HTML and CSS Reference
In-Depth Information
The code property will be only one of the following:
PERMISSION_DENIED (numeric value 1)
POSITION_UNAVAILABLE (numeric value 2)
TIMEOUT (numeric value 3)
The message property is useful for developing and debugging but
wouldn't be appropriate to show the user. The message property
isn't always available (as it's not currently in Firefox 3.6+).
For example, if you used the following code and elected to not
share the position, the page announces “Permission denied:
means we can't determine your position.”
if (navigator.geolocation) {
¬ (position) {
var coords = position.coords;
showMap(coords.latitude, coords.longitude,
¬ coords.accuracy);
}, function (error) {
var errorTypes = {
1: 'Permission denied',
2: 'Position is not available',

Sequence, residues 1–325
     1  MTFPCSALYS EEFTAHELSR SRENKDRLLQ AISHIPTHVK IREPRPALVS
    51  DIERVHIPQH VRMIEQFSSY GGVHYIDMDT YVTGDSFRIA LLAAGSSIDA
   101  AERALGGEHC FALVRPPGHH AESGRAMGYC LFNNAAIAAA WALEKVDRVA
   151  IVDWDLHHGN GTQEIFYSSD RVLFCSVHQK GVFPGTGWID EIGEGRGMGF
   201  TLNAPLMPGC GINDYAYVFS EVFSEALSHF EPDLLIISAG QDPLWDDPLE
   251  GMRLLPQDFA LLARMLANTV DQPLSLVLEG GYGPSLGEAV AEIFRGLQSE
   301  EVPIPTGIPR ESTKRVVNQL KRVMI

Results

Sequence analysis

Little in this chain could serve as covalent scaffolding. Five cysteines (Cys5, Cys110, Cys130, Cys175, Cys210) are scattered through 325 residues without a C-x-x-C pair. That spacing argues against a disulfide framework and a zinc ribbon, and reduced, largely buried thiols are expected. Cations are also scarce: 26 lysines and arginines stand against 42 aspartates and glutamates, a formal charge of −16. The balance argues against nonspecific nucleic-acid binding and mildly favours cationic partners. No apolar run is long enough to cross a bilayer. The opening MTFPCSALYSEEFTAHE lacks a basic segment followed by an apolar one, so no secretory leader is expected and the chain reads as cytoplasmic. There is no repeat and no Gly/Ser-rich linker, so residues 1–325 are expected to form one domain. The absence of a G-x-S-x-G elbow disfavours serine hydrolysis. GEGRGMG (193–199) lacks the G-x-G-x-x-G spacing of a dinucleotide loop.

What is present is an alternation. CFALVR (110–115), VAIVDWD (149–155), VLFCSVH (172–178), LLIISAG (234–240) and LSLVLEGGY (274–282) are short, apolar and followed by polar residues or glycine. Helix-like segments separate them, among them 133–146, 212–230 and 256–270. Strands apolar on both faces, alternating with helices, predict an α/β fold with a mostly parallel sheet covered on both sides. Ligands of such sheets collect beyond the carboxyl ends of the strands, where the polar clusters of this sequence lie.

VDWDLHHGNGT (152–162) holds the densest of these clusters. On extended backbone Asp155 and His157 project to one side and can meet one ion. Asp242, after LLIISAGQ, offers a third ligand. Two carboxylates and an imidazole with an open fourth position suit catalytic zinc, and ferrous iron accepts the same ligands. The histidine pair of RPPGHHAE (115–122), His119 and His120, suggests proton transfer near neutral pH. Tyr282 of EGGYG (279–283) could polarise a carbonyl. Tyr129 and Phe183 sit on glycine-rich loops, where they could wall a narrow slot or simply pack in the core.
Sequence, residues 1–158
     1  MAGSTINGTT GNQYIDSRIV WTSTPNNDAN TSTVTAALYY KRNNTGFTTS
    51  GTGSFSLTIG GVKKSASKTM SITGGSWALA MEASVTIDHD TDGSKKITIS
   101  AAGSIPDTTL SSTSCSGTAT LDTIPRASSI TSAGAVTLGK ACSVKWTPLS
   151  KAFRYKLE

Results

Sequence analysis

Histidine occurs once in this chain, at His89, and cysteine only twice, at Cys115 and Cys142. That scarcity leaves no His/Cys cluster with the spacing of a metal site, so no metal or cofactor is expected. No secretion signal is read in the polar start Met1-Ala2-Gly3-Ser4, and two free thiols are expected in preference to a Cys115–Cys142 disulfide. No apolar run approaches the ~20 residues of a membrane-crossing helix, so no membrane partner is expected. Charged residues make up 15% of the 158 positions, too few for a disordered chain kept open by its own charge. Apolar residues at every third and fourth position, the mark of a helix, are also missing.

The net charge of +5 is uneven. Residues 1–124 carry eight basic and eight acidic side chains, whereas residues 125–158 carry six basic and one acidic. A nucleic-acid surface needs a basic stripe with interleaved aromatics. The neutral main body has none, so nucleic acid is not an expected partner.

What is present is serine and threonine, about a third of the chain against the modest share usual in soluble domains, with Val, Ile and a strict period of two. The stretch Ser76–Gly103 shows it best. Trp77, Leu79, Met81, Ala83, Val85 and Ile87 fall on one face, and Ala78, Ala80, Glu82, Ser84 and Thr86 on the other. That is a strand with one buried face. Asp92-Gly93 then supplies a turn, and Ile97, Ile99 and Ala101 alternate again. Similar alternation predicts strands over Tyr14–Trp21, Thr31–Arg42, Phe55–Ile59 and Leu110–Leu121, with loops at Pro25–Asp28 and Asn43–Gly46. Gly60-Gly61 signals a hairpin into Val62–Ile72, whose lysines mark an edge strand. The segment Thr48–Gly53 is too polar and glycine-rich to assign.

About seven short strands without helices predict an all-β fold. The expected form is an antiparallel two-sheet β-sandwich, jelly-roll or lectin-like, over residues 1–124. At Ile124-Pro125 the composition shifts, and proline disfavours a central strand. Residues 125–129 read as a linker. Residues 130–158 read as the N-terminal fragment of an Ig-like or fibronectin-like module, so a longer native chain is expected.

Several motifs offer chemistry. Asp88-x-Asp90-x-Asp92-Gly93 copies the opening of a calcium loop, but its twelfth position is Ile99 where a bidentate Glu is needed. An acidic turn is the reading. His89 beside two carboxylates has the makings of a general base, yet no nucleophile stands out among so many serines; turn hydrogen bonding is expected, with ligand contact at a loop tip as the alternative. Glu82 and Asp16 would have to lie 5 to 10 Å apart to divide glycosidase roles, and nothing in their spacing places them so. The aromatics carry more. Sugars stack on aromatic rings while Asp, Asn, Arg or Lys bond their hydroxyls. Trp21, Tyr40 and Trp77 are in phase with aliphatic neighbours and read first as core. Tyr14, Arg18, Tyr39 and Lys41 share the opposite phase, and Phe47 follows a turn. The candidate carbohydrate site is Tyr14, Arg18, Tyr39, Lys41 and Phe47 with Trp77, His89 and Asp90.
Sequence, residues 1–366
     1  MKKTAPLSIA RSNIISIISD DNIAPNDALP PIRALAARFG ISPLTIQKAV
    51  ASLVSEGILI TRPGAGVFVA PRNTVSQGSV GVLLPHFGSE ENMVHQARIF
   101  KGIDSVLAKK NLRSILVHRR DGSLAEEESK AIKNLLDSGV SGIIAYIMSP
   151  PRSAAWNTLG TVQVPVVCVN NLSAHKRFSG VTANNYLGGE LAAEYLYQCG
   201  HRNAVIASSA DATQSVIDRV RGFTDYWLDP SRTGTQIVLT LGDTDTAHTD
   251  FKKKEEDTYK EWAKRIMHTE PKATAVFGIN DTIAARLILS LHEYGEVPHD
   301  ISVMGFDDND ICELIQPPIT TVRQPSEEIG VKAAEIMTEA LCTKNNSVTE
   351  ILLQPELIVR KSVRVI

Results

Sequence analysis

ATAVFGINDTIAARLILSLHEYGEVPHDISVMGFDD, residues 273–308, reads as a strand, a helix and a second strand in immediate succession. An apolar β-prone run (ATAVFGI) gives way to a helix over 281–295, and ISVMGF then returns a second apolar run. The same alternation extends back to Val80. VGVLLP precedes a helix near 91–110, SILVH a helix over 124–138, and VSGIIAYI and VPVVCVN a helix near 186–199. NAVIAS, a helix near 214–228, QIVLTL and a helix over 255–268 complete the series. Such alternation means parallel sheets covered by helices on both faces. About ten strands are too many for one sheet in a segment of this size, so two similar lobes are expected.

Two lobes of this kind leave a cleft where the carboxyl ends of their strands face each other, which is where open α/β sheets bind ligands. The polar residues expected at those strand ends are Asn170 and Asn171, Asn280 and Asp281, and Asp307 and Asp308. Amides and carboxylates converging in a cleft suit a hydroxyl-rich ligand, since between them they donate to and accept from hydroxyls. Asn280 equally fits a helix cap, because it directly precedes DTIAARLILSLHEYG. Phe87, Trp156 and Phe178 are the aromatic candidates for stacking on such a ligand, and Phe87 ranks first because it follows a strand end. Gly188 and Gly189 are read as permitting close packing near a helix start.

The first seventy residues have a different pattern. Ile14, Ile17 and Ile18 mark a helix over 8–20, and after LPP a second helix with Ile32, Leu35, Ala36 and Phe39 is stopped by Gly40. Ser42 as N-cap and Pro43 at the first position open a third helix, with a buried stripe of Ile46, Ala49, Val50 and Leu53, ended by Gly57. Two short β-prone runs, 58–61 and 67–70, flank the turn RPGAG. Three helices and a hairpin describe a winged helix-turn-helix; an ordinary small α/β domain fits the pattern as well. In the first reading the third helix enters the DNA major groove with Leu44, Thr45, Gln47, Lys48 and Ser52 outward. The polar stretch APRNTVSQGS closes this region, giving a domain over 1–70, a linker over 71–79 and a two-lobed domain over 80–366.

3: 'Request timeout'
alert(errorTypes[error.code] + “: means we can't
¬ determine your position”);
the alternative error: on success
One alternative to the error handler is if the accuracy on the success call is a huge number. When I
once visited a page that was supposed to detect my location, whilst working from home in Brighton on
the south coast of England, the map placed me dead in the centre of London. When I checked under the
hood using Firebug's console log I could see the accuracy of the geolocation request was set to 140,000
meters—that's about 90 miles of inaccuracy; as a radius that's pretty damn inaccurate! Understandable
how the site wasn't sure exactly where I was. I would strongly recommend that while developing applica-
tions that use geolocation you also check the accuracy of the success call. If the accuracy is such a large
value, it might be worth ignoring the data altogether and letting the users tell you their location manually.
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